Tool carry, dovetails

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I made a box for storing some tools in and was pleased with how it turned out as it is my first attempt at cutting dovetails. It is a bit rough and ready here and there but I learned a lot from doing it. It is a functional box not a decorative one, so I got very close to what I was aiming for.
One set of joins is a little bit more gappy than the others but I think that is mainly down to me not squaring off the wood 100% - one of the pieces still had a bit of a bow in it. I did the best I could with my hand tools.
As it is in pine, it was quite easy to chip little bits out if not careful.
I would design the handle part differently next time, but there you go. I 3D printed a jig to help shape the handle hole with the router.

I used the Paul Sellers method, and it worked well as long as I made good saw cuts. The only thing was the chiselling out took a looong time.

I’ve since seen this Rob Cosman video and it looks like a good method. Using a coping saw to cut out the waste could speed things up a lot.

I wondered if there was a way to use his method on the cheap without buying his custom saws. He uses a knife with the same blade as the dovetail saw to mark the cutting lines for the pins, before cutting out the waste from his tails. See this bit of the video.

I got one of these saws for my birthday recently so I used that to cut the dovetails. I wondered about using one of these flush cutting saws for the marking knife. It’s the same thickness as the saw but the teeth don’t have the 0.1mm set on either side so it would be 0.2mm out. Probably not accurate enough?


Disclaimer, I’ve only cut dovetails a couple of times… so my only qualification is also the tonne of videos I’ve watched.

I love Rob Cosman videos, amazing to see the quality of his work, but I think he might oversell the importance of things like matching kerfs. Two hypothesis, 1) he’s building stuff that’s going to end up in a museum or selling for $$$$ and this type of business is build of his insane precision - we don’t need this 2) I suspect a decent amount of his income comes from selling his very high end saws, marking knives etc so he is incentivised to say you need them.

If you watch his older videos he made the same quality with the more standard techniques (cut out the tail waste, use a marking knife to mark them onto the pin board).

I think you could use the method of his with plenty enough accuracy with a marking knife which is cheaper and easier. The razor blade type would fit down the kerf:

I’d add that your dovetails look good!

Cheers, yes he does have some very expensive saws to sell, no doubt that’s part of it. Interesting that he just used a normal marking knife before. I will just need to do a test and see how it goes.

i went for the paul sellers knife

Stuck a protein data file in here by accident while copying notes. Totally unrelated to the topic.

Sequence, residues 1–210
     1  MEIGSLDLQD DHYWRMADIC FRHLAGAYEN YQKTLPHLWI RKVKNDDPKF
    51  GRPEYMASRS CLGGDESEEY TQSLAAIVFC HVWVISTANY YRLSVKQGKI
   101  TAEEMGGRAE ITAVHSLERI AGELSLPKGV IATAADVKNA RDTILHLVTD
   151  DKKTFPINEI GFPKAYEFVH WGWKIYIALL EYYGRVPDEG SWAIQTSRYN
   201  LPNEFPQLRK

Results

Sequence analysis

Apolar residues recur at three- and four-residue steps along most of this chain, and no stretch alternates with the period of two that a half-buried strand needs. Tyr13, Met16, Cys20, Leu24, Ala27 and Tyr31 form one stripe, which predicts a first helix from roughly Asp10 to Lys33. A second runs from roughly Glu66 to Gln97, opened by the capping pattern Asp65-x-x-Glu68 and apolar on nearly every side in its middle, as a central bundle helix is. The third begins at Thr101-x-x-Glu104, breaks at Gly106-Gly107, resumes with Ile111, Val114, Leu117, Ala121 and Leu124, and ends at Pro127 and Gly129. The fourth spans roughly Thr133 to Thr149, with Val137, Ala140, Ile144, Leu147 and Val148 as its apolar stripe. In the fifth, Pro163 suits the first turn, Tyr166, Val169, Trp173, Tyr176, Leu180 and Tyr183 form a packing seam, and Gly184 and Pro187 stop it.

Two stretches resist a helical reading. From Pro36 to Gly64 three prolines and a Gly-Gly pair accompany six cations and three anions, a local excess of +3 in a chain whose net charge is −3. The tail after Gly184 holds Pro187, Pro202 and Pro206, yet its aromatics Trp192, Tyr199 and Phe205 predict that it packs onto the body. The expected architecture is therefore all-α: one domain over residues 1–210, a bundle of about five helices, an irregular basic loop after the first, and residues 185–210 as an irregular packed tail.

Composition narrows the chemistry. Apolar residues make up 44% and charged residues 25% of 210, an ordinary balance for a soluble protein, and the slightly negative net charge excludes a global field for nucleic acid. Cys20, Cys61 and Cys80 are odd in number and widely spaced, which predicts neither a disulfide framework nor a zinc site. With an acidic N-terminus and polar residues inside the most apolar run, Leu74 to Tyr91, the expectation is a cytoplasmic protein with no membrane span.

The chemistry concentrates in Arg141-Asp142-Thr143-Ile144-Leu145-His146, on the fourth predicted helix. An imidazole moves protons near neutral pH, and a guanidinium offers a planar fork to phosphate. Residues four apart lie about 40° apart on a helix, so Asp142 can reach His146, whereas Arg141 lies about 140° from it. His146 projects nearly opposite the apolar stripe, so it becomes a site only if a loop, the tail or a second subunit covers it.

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“Simple spring mechanism enables the blade to be locked securely in the extended position or stored safely within the body.


@mikekelly, did you ever have a go with Rob Cosman’s method? I’ve recently given it a go and quite liked it at first but only got mediocre results. After a couple of trials I think I’ve concluded that its not for me. It seems like unless you’re really really good at sawing so they’re all spot on without any adjustment (and maybe have a mega expensive saw that leaves perfect edges) it’ll leave gaps as there is no step to tidy up your saw cuts and prevent it.

Interesting point. You mean because you’re marking the pin lines before cutting out the tail waste and therefore before you have a chance to tidy up the tails if required?

I haven’t tried the Rob Cosman method yet - I’ve been getting it together to make some box joints. Made a simple router table and a sled jig thing for thicknessing wood with the router. So it will be a while before I get back to dovetails. Unfortunately I don’t have a good indoor space for woodworking and the weather isn’t great for working in the garden at the moment so it’s slow progress.

One thing I would keep from his method is the coping saw for cutting away most of the tail waste. That looks as though it could save a lot of time. I guess I will do some tests at some point and see how I get on.

Yeah so coping saw is a no brainer imo and lots of people advocate for using them, it’s really fast. I also think cutting the shoulders of the tail board in one shot by establishing a wall then cutting down works well.

On the main technique… A couple of issues I’ve found:

  • As you said, you mark the pins before removing the waste and cleaning up and issues (not square, ragged edges from the saw) meaning your pins might not be where you’d ideally want to put them
  • Once you’ve cut your pins, you’ve cut the final surface exactly where it needs to be, so any tweaks you want to make will make the joint looser

Basically if you’re super great at sawing and have a great saw it’s probably great. If either of those isn’t true (neither in my case) and your tails or pins normally need a little chisel work then I think this method just won’t work. I’m sure it could just be me though hence was interested to see if you’d tried. I can see how if it all went to plan perfectly it would be a great method, and some of the tests I did weren’t bad and all would hold up fine, just didn’t feel like it could be made flawless and I guess if you’re bothering to do dovetails it’s to show off a bit.

haha, ok so here is proof that its my sawing technique not the method :stuck_out_tongue: (he does the same thing with a hacksaw and a screwdriver filed to a chisel shape)

Haha, yep I think it shows that his technique is good for someone who has a lot of experience and gets the saw cuts right consistently first time. That isn’t me but I’m still interested to try it out. :slight_smile: